Toward a Biology Worthy of Life > The Poverty of the Instructed Organism > Brief excerpt
A project by Stephen L. Talbott

The noncomputational life of organisms (3)

IF THE ORGANISM WERE MODELED after a computer, it would have to be a computer that builds itself--or, rather, grows itself. But no computer functions by growing the organs of its own functioning--that is, by overseeing the growth of its own hardware.

The issue here has indeed been routinely acknowledged--where “routinely” means “without much thought”. One experiences a kind of mental vertigo upon reading the casual and unexplained remark by Jacob that the organism “determines the production of its own components, that is, the organs which are to execute the programme” (1973, p. 9). Or Mayr’s equally bald assertion that “one of the properties of the genetic program is that it can supervise its own precise replication and that of other living systems such as organelles, cells, and whole required the rise of computer science before the concept of such a program became reputable” (1982, p. 56).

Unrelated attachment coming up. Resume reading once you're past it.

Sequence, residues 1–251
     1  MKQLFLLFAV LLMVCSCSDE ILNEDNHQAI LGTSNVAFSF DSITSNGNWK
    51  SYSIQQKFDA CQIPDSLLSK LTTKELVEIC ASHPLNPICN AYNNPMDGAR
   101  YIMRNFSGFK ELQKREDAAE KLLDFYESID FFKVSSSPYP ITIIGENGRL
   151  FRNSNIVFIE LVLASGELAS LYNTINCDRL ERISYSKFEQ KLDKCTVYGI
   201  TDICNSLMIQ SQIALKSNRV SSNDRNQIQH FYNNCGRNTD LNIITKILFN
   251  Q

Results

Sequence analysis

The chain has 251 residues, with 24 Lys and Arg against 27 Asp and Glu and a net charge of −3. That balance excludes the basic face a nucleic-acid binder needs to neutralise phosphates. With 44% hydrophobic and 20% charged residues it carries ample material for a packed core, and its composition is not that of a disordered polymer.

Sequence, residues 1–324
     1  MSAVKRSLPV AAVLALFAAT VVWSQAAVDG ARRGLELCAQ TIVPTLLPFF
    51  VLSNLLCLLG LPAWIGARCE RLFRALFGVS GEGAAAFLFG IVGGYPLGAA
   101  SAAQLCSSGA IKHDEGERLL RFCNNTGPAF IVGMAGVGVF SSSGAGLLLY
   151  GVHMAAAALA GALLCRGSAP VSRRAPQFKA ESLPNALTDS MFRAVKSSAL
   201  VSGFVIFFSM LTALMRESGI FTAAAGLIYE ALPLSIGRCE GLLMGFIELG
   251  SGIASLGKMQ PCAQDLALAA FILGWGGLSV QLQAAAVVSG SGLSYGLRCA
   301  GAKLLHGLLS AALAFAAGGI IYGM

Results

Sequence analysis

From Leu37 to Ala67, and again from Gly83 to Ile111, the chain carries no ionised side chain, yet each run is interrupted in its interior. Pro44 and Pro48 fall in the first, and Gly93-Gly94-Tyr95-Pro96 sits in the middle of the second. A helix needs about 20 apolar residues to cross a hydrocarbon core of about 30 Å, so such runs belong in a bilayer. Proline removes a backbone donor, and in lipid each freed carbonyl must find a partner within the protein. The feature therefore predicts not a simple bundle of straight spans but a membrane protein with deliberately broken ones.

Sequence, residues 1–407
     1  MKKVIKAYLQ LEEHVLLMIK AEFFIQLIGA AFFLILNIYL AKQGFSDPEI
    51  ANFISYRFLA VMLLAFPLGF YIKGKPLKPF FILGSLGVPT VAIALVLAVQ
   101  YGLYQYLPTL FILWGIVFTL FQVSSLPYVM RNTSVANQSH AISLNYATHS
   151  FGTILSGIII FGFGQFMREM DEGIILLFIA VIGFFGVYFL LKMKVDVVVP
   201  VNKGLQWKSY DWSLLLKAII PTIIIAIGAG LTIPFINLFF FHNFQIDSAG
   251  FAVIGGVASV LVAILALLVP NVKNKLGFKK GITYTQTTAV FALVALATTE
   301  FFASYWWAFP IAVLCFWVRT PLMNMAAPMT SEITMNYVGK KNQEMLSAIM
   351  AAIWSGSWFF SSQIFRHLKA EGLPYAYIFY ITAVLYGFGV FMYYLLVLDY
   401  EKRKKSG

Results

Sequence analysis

Embraced by unreflective biologists, perhaps--but reputable? How does an all-but-unthinkable concept--that of a computer that grows itself and all its parts even as it operates--become reputable?

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